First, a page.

Conservation of the Makgadikgadi wetland ecosystem and Flamingo habitat, Southern Africa, Botswana
Botswana’s Makgadikgadi salt pan complex is one of Africa’s largest ephemeral wetlands and provides water and other natural resources for many local African communities, as well as habitat for threatened migratory bird species. It also comprises the most important breeding site in southern Africa for Greater and Lesser Flamingos, both of which are in decline in the region.
However, despite the area’s importance to both birds and people, increasing anthropogenic pressure on the area, in combination with a lack of any long-term monitoring or attempt to conserve the ecosystem, is threatening the integrity of this great wetland.
Heavy overgrazing along the inflowing rivers is affecting soil fertility and water quality, leading to concerns about the sustainability of the subsistence agriculture on which locals depend for income. In combination with pollution and disturbance from local tourism and domestic activities, and the existence of a large soda ash mine operating on the shores of Sua pan, it is feared that the integrity of the lake ecosystem is being undermined.
Wetland ecologist, Dr. Graham McCulloch, has studied the ecology of the Makgadikgadi Salt Pans and its migrant flamingo population since 1998, and is committed to the protection of the wetland’s integrity, biodiversity and status as one of the most important breeding sites for flamingos in Africa. Through detailed scientific analysis, Graham has sought to understand the ecosystem’s characteristics and functional processes, and has also established annual surveys of the flamingo population to monitor their status and breeding success rates.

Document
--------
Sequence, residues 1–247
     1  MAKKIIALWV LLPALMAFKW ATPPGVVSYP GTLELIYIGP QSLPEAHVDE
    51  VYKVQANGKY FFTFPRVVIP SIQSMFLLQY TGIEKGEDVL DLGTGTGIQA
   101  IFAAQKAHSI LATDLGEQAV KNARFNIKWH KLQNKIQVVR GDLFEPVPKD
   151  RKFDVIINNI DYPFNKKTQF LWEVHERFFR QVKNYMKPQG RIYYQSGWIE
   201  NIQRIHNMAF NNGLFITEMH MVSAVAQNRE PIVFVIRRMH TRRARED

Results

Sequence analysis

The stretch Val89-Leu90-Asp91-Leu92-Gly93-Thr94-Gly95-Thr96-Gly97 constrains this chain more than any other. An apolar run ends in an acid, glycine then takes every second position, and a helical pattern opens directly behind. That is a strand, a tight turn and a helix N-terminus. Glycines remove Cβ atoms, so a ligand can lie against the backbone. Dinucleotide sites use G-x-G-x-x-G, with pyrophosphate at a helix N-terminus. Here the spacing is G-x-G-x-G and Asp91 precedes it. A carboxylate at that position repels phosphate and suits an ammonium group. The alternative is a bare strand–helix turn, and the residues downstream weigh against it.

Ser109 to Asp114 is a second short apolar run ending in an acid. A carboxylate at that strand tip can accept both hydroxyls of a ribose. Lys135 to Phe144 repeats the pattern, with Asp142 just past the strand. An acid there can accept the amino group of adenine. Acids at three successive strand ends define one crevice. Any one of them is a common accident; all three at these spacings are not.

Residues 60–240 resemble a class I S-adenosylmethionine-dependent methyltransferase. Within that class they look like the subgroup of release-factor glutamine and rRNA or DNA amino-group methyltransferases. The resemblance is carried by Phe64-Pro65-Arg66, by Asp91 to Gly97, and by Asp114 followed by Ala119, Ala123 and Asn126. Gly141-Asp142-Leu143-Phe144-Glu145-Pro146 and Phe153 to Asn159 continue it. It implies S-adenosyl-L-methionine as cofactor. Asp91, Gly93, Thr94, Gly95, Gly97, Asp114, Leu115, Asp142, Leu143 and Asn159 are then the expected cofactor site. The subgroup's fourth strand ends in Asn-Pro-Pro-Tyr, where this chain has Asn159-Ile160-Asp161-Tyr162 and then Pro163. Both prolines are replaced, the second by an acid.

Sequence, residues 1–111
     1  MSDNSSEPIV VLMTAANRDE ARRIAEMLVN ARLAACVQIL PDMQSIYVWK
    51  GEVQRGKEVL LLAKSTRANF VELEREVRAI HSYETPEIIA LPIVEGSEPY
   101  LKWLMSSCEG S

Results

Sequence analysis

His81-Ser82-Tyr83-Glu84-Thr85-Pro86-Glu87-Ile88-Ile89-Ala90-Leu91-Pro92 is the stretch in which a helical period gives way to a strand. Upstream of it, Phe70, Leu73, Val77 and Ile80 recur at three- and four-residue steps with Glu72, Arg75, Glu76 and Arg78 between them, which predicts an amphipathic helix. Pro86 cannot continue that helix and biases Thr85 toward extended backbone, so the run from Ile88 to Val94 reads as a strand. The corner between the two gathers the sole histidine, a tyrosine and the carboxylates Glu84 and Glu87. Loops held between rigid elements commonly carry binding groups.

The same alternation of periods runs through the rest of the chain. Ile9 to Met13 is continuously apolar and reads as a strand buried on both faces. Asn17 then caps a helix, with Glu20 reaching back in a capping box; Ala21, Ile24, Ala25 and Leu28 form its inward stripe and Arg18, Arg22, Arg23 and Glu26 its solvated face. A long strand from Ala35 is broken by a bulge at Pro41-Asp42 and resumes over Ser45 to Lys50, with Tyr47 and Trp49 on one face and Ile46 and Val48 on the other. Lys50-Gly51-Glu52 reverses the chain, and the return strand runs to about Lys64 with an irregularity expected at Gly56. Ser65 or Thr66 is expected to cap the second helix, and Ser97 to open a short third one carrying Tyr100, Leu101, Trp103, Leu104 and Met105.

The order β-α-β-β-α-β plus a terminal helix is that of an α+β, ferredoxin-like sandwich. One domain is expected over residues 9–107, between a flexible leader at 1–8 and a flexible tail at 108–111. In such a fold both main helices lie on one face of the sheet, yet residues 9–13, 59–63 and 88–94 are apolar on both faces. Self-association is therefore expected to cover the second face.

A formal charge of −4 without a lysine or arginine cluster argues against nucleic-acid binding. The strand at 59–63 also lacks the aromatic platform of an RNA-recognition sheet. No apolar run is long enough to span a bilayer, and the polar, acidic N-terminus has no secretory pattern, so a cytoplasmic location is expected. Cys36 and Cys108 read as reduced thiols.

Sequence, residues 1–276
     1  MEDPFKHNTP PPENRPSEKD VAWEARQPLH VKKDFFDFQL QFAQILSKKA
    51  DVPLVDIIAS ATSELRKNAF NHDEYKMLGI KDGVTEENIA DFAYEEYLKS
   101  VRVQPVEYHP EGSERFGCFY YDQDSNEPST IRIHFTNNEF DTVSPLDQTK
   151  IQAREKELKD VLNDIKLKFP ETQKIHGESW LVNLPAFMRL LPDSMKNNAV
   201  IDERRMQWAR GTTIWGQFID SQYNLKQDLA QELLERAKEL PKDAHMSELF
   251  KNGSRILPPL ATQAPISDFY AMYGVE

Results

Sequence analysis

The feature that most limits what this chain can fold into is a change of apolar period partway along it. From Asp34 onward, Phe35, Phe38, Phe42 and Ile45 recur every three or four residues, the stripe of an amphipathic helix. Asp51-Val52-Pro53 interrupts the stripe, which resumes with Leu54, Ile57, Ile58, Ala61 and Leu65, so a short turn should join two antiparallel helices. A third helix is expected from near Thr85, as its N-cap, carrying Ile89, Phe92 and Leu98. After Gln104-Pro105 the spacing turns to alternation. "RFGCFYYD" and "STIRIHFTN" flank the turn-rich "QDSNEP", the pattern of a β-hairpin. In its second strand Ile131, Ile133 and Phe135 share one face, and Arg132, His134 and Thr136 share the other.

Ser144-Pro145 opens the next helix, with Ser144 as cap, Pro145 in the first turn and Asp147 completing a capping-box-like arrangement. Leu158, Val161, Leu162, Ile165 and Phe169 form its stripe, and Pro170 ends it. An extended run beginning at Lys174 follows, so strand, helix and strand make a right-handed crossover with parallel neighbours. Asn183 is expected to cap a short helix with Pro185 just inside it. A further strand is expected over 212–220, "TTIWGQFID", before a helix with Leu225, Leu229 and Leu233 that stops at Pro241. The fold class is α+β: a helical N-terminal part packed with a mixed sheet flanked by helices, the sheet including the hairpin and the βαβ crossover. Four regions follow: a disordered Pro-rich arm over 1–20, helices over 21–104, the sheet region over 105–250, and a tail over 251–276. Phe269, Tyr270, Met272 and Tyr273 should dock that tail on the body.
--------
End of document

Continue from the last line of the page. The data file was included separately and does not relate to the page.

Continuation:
Building on this initial three year study, Graham and his local team are now establishing a Makgadikgadi Wetlands Working Group comprising of further community and stakeholder participants in order to initiate the long-term monitoring and conservation of this important wetlands ecosystem.
Through involving local people in ecological monitoring of the wetland and other conservation activities, the working group will foster a sense of responsibility and ecological awareness amongst communities utilising the wetland that will help ensure the wetland’s long-term survival. Outputs from the Working Group’s discussions include ideas for sustainable income generating activities, as well as effective and practical conservation management strategies and the development of a strong local environmental education programme emphasising the importance of the wetland.
Through building local capacity, Graham is improving the ability of locals to assess the impact of the activities around the wetland, which will lead to the more sustainable utilisation of the water resources.
Graham would ultimately like to expand the project in collaboration with experts and community groups from the region in order to develop a regional wetlands conservation network with a cohesive strategy for the protection of flamingo habitat across southern Africa.